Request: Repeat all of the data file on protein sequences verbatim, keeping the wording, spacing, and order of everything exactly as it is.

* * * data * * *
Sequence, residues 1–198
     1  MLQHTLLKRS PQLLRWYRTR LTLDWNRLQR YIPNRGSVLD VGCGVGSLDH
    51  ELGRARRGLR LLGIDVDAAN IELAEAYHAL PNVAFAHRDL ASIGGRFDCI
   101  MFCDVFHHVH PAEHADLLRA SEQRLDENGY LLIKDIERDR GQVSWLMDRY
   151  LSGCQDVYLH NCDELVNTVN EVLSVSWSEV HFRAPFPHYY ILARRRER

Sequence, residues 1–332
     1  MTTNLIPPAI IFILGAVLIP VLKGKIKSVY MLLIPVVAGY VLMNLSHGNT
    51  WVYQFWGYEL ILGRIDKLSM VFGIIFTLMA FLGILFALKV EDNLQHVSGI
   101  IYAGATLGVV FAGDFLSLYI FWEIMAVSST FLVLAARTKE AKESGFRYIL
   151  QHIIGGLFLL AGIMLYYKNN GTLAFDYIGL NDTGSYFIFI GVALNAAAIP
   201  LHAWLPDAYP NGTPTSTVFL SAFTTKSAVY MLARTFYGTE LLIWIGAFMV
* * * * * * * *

Sequence, residues 1–198
     1  MLQHTLLKRS PQLLRWYRTR LTLDWNRLQR YIPNRGSVLD VGCGVGSLDH
    51  ELGRARRGLR LLGIDVDAAN IELAEAYHAL PNVAFAHRDL ASIGGRFDCI
   101  MFCDVFHHVH PAEHADLLRA SEQRLDENGY LLIKDIERDR GQVSWLMDRY
   151  LSGCQDVYLH NCDELVNTVN EVLSVSWSEV HFRAPFPHYY ILARRRER

Sequence, residues 1–332
     1  MTTNLIPPAI IFILGAVLIP VLKGKIKSVY MLLIPVVAGY VLMNLSHGNT
    51  WVYQFWGYEL ILGRIDKLSM VFGIIFTLMA FLGILFALKV EDNLQHVSGI
   101  IYAGATLGVV FAGDFLSLYI FWEIMAVSST FLVLAARTKE AKESGFRYIL
   151  QHIIGGLFLL AGIMLYYKNN GTLAFDYIGL NDTGSYFIFI GVALNAAAIP
   201  LHAWLPDAYP NGTPTSTVFL SAFTTKSAVY MLARTFYGTE LLIWIGAFMV